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On Cyber Monday we processed up to 124 sales per second (2,008 / minute) - more than double that of Black Friday.

Black Friday and Cyber Monday are always the busiest shopping days of the year. This Black Friday Shopify merchants sold 198,809 products (compared to 102K last year), and on Cyber Monday they sold an impressive 420,956 products (compared to 216K last year). It was a record breaking weekend for our merchants, and I’m so happy we kicked off the holiday shopping season with a bang.

One of the key groups at Shopify is the performance and operations team. Their goal is to ensure our platform is the fastest, most reliable and secure ecommerce system available. To prepare for this massive influx of traffic and sales, our team made major investments and upgrades to our core infrastructure. With these upgrades, we’re not only bulking up our internal systems, but also significantly improving our over 35,000 store's performance. For example, we have already improved the average response time of all our ecommerce stores to an industry leading 58ms.

I’m going to share with you some of the core infrastructure improvements we have made, but be warned that a lot of this information is pretty technical. The tl;dr is we're constantly working hard to ensure your store can handle any volume of transactions.

Conan, The Traffic Simulator

In order to test performance and find potential system bottlenecks, we had to find a tool that could simulate the amount of real traffic and orders that otherwise would only happen once a year, on Cyber Monday. Since such a niche tool didn’t exist, we created one called Conan. This tool uses Amazon Web Services instances to stress test Shopify, sending massive amounts of traffic, checkouts and purchases on the platform during off periods. This tool was foundational in testing the impact of all the other changes made, and we'll be sharing more about Conan soon.

Payment Backgrounding

One of the issues with high volume sales days like Black Friday and Cyber Monday is that some payment gateways are slow, and their performance can slow down everything else. Payment gateways take at least 2 seconds and up to 30 seconds to process the payment request, which greatly limited Shopify's concurrency on extremely busy days.

We have moved the payment step to a background job, and now show customers a spinner page, which keeps front end resources ready to serve other fast requests. This increased our maximum throughput in raw requests per second and had a huge impact on how many checkouts we could process concurrently, allowing us to process hundreds of purchases per second.

Caching Improvements

We've also increased the size of our page caching layer by 400%, and we're working hard on putting more and more intermediate data into cache. Our cache horizon grew such that we do an average of 20% more cache hits, which means customers get a virtually instant pageload in most cases. For cache misses we go to memcache before the database for a lot of the hot data which improves page load times as well as reduces load on the databases. We now have over 500GB of cache in total.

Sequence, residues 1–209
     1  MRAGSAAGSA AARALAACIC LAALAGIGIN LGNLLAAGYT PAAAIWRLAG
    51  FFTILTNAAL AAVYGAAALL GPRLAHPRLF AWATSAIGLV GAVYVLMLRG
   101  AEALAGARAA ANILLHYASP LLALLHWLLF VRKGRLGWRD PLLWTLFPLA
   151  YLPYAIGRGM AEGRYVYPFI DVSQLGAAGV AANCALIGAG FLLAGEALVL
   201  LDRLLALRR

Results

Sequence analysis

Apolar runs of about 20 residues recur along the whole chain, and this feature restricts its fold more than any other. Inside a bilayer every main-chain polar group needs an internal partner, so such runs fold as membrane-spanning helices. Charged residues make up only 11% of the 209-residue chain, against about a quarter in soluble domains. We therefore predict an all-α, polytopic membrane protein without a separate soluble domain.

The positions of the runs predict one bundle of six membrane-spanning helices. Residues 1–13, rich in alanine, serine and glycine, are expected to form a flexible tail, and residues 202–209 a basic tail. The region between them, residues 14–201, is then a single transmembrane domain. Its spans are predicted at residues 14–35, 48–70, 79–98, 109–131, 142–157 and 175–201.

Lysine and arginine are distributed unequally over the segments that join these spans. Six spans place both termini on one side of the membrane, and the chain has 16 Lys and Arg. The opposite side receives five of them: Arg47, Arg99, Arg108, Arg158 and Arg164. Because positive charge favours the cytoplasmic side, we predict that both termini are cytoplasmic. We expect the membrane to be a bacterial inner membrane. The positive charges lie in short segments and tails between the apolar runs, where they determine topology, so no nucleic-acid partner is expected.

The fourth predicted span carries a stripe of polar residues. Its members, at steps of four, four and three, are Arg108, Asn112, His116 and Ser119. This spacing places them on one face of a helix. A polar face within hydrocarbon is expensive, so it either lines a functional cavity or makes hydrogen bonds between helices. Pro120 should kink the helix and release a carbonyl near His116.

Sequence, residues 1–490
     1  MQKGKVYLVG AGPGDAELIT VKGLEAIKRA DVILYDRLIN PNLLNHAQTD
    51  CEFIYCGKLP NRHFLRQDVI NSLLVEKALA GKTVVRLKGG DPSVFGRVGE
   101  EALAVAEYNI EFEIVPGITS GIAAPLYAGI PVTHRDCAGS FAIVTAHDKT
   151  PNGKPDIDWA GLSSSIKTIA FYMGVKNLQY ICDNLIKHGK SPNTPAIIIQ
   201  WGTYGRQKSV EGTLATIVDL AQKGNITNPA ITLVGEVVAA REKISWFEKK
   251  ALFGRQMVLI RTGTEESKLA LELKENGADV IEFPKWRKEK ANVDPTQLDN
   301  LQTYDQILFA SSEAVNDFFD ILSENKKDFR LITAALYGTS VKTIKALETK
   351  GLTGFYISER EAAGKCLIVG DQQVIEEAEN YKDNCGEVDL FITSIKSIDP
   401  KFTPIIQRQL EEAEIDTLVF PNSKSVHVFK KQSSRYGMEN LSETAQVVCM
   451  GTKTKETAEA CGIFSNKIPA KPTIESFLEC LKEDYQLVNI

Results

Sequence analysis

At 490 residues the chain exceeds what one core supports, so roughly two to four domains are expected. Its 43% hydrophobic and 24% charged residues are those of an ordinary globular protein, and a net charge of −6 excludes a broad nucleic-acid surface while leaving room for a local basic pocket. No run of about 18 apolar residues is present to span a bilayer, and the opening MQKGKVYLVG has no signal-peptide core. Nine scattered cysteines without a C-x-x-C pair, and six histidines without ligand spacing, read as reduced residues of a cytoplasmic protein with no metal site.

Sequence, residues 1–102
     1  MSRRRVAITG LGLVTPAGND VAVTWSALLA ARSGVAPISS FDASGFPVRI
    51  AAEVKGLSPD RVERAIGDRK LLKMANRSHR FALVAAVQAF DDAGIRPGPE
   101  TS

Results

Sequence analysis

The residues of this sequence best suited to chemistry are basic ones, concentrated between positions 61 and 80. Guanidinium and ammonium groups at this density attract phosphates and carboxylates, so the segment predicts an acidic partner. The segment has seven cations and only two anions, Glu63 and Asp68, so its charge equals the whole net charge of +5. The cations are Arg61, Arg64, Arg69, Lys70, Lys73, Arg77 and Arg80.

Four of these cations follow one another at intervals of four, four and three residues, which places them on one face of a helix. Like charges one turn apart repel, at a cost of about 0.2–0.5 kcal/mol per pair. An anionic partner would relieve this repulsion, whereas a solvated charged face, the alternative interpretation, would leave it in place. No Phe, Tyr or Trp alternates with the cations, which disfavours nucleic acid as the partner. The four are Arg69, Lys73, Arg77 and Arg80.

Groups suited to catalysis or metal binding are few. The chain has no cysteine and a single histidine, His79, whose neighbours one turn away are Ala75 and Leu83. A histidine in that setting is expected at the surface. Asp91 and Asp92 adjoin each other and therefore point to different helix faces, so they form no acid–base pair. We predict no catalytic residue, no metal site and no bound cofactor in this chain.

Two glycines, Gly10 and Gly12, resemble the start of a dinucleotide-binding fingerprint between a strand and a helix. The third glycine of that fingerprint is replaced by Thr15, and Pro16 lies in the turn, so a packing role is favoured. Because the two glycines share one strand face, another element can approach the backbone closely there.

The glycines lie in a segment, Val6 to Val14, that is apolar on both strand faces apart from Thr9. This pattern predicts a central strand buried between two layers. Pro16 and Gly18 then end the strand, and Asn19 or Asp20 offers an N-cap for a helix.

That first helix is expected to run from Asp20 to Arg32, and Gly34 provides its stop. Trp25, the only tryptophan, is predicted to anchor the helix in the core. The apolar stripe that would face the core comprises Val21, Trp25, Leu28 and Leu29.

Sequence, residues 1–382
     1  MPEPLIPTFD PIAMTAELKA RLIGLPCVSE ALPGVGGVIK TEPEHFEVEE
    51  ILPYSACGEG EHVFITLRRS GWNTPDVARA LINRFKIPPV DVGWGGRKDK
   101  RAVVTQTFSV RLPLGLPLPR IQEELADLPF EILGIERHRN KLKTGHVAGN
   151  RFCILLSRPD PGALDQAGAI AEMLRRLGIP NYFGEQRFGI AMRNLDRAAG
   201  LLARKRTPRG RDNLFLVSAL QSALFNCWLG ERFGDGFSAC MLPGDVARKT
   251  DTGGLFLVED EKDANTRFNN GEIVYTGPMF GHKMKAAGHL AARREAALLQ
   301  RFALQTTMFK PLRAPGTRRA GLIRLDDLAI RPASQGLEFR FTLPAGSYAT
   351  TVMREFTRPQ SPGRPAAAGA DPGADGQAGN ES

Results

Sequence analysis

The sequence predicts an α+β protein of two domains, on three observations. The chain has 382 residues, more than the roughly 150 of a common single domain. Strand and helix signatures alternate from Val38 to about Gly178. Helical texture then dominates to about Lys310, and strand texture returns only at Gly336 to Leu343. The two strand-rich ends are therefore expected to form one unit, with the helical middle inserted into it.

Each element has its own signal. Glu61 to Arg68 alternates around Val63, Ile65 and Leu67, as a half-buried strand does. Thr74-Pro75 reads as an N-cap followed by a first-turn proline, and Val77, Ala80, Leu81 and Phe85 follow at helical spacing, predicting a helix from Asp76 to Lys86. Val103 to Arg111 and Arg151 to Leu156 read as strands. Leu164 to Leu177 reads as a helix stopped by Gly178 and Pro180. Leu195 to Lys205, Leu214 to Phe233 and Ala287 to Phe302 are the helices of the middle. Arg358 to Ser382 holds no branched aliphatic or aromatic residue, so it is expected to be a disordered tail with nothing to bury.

Also of note is that our generational caching strategy (affectionately known as “Tobi Caching” - a clever caching strategy that our CEO Tobi developed) continues to work well to this day. Aggressive Tobi Caching on all storefront pages was key in reducing load - such that pages not found in the cache could be built quickly.

Database Upgrades

We have upgraded our master database servers from Dell R710 with dual quad-core CPUs and 192GB of RAM to the latest Dell R820 with quad eight-core CPUs and 256GB of RAM. MySQL’s InnoDB engine scales extremely well with additional CPU cores and the extra memory let’s us keep more data in cache.

Read/Write Database Splitting

We have implemented read write splitting of our databases, which means that we now have multiple slave databases which serve read queries and then one write database serving as the master where mutation queries are served.

This takes a significant amount of load off our master database (so far up to 1 million queries per minute), which is critical to have available for serving more writes during flash sale types of events.

About 95% of queries on Shopify are reads, so they are directed to the read slaves, while the master handles the other 5% of the traffic. These read slaves can also be scaled horizontally as more and more shops sign up on the platform.

More Application Servers

We have doubled the amount of our application servers. Application servers run the pages for all storefronts, and having more of them means that we can serve even more clients concurrently.

Going Forward

This summary only scratches the surface of what we have done, and have planned for the future. If you're interested in the nitty gritty of how we halved Shopify’s response time and more than tripled maximum throughput - we'll soon be posting deep dives into each of the major changes we’ve made, and we’ll explain why we settled on each solution as well as what other solutions were evaluated.

Want to solve interesting and challenging core infrastructure problems? We’re hiring.